Our area rarely produces ice of the quality and thickness necessary for safe outdoor recreation; therefore, recreation on local ice is riskier than in northern climates. Ice that is formed during a continuous, hard freeze, typical of northern climates, is much stronger than ice formed during temperatures that repeatedly fluctuate above and below the freezing mark. Ice that forms where water levels change frequently, or where the water is moving, such as storm water ponds, rivers, and streams is especially dangerous because its thickness will vary with the conditions and may contain cracks. Areas inhabited by waterfowl, such as ducks or geese, can contain patches of very thin ice due to the birds' swimming and feeding activities which have kept the water "open" longer than surrounding surfaces.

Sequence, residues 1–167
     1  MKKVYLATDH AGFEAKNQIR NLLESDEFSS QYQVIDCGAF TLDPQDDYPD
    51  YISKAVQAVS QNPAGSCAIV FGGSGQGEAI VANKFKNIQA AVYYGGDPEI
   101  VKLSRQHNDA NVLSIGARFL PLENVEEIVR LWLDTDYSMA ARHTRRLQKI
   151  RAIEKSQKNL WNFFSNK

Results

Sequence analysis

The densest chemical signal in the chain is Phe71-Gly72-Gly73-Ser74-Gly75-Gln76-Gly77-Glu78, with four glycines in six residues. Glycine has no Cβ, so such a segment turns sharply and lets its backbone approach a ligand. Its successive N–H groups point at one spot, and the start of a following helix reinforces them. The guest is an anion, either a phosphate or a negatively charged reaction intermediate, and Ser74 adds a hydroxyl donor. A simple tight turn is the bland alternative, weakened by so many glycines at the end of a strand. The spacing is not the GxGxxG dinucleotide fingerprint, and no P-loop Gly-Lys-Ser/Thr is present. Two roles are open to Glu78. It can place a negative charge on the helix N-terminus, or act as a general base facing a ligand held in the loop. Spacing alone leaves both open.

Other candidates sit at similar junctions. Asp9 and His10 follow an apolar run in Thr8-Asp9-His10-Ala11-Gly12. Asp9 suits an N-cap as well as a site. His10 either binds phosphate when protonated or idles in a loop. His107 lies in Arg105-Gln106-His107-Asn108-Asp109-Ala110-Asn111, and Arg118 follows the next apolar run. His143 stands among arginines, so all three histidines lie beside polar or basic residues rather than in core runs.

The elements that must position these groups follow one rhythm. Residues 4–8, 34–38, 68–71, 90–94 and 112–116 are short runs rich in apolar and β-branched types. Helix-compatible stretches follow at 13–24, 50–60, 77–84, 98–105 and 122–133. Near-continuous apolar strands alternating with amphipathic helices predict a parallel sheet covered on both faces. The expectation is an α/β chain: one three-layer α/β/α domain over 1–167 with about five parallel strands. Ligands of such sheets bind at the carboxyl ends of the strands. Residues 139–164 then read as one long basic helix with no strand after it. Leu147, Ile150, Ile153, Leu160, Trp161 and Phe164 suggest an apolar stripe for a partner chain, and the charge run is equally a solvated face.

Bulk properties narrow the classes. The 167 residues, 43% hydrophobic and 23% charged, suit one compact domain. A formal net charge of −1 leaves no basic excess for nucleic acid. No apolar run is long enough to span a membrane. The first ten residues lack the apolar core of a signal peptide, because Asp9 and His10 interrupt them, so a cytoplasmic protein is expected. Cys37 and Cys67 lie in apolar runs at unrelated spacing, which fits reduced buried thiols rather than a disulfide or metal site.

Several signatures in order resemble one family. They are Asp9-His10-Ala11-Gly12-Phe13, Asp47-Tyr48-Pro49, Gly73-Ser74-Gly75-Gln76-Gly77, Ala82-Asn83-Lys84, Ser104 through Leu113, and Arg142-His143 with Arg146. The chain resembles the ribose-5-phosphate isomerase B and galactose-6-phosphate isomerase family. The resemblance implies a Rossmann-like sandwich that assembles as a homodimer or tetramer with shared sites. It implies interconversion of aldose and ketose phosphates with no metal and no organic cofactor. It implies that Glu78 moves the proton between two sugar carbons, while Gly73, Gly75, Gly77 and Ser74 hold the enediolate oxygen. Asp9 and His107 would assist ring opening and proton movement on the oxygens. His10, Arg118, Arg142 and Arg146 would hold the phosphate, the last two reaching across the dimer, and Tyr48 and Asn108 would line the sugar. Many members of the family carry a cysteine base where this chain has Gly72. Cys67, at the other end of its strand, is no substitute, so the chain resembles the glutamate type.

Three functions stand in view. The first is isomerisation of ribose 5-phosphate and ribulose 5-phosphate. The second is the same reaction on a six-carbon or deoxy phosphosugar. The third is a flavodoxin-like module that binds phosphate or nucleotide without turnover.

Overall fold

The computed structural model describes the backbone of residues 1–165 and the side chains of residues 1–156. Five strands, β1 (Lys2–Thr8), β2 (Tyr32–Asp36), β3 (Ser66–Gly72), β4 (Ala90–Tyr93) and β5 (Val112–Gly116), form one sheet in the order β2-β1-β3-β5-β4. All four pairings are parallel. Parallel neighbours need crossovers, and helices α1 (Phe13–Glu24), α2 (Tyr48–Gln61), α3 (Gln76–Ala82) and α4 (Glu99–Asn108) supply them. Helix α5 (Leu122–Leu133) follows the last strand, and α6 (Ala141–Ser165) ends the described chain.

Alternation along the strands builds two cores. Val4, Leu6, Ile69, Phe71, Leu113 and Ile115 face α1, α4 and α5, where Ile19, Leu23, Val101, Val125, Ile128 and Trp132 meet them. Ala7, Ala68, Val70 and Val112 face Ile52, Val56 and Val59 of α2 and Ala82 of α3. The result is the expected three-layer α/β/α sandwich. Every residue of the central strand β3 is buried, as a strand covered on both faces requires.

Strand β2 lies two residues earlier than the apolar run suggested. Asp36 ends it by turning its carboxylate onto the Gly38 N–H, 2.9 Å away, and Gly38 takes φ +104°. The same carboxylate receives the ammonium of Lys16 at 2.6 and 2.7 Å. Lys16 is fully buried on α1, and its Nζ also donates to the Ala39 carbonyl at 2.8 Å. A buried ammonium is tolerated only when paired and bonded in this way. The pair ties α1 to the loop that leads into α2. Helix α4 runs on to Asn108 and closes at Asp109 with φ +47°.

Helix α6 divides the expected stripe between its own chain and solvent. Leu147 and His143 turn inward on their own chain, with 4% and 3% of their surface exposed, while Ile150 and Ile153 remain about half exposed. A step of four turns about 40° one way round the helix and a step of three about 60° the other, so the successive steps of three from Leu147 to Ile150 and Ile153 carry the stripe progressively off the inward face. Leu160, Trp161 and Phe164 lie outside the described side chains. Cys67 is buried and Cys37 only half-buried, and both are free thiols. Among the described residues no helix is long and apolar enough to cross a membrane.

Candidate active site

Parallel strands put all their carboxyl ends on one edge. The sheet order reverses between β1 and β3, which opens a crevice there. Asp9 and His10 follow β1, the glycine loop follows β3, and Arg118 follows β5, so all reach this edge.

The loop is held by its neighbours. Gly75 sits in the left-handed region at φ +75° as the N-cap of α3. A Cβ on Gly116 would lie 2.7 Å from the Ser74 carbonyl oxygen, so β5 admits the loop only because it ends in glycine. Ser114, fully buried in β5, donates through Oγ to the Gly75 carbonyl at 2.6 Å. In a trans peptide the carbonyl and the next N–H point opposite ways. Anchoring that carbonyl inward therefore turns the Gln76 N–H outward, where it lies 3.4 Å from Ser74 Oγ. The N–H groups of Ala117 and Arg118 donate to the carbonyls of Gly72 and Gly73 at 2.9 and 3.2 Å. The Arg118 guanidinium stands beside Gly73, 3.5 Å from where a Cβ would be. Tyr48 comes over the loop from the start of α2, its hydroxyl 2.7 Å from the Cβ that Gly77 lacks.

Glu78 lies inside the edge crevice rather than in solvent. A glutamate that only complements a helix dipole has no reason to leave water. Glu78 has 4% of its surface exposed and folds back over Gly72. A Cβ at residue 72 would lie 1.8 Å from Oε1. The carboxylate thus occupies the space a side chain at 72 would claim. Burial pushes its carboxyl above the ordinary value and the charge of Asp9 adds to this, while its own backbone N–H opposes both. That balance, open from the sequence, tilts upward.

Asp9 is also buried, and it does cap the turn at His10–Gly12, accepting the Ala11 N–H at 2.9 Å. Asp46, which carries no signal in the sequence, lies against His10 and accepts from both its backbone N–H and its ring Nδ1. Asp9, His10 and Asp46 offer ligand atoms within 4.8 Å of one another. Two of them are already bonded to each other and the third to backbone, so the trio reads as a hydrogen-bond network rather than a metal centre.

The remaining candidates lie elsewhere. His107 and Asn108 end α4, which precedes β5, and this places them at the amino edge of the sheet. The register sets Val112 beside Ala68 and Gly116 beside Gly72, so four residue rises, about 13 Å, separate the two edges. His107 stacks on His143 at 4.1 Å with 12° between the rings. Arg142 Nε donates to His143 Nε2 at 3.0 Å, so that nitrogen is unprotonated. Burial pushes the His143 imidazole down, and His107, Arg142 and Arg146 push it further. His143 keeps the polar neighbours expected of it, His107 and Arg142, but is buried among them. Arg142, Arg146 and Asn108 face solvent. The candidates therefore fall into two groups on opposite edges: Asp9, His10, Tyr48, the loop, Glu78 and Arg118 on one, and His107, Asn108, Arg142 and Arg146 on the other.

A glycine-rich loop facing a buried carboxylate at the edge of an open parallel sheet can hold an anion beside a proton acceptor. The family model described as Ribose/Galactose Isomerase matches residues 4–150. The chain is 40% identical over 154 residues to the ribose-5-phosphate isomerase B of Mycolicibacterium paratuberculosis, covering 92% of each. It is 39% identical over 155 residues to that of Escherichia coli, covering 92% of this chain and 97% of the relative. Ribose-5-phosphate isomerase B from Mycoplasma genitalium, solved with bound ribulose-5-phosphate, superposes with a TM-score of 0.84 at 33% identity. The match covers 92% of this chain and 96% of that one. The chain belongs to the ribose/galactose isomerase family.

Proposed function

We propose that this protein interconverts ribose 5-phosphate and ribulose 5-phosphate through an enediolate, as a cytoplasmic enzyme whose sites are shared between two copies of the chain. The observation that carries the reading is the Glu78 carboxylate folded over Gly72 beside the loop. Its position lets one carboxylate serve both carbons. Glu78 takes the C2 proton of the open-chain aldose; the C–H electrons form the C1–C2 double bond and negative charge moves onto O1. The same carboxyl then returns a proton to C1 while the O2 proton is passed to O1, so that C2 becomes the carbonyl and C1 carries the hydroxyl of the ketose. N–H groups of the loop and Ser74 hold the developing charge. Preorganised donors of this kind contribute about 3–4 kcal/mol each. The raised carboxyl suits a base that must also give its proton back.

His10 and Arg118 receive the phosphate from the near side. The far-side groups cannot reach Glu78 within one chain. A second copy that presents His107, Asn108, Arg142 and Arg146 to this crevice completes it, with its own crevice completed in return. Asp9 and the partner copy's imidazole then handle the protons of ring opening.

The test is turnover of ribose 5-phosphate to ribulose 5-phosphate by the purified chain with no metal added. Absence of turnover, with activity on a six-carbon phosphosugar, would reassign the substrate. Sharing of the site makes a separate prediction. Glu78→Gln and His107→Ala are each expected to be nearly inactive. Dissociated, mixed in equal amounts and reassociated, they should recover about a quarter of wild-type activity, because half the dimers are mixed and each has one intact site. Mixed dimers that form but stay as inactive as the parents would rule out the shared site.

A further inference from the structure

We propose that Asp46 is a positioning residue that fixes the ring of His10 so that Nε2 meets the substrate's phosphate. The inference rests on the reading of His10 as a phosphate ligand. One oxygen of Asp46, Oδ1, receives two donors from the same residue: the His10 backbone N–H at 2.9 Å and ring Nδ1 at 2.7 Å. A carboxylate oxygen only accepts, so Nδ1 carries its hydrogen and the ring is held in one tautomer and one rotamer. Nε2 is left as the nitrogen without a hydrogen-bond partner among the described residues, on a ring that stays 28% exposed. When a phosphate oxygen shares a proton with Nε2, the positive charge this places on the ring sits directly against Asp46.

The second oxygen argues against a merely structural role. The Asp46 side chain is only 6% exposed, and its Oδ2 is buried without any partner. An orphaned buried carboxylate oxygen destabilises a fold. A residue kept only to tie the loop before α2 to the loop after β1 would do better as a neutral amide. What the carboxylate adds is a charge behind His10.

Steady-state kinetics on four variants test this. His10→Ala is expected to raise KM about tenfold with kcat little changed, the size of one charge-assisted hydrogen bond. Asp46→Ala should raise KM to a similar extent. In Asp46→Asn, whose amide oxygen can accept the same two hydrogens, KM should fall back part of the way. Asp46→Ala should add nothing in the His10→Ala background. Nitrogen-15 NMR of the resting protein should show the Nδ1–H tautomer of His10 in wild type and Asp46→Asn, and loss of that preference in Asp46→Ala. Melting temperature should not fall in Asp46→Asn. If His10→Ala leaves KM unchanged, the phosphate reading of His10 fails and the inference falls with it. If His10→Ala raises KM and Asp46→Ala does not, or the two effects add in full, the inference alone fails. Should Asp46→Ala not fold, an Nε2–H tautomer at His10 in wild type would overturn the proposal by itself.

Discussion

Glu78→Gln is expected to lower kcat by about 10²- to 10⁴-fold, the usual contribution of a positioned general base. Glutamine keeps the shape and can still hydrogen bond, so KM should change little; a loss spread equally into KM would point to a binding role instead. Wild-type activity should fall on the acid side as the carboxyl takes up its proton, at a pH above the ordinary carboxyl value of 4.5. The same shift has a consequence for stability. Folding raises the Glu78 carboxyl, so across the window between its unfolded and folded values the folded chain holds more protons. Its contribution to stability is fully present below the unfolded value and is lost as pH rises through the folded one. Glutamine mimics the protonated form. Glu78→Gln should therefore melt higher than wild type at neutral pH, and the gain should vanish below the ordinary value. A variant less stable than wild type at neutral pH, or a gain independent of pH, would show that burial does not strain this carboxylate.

Stay off the Ice! Ice can deteriorate 4 times faster than it forms; therefore, its suitability for recreational purposes is often overestimated. Should an individual or animal fall into icy waters, moderate to severe hypothermia can occur in less than 10 minutes. The window of opportunity for a successful rescue closes rapidly beyond that time. Therefore, the primary challenge for rescuers is time.
Icy Water Safety Tips
If someone falls through the ice you should:
- Call 911 immediately.
- Safely reach out to the victim by providing them something that will help them stay afloat.
- Do Not go on to the ice to rescue them.
Prince William County Department of Fire and Rescue System Chief Tim Keen urges residents that if you see anyone on the ice, tell them to get off; it's not safe. This includes animals, do not allow your animals to walk on the ice. "Ice recreation is best sought on skating rinks, pavilions, or other locations specifically designed for that purpose," states Chief Keen, "and not the dangerous, naturally occurring ice that forms on area waters."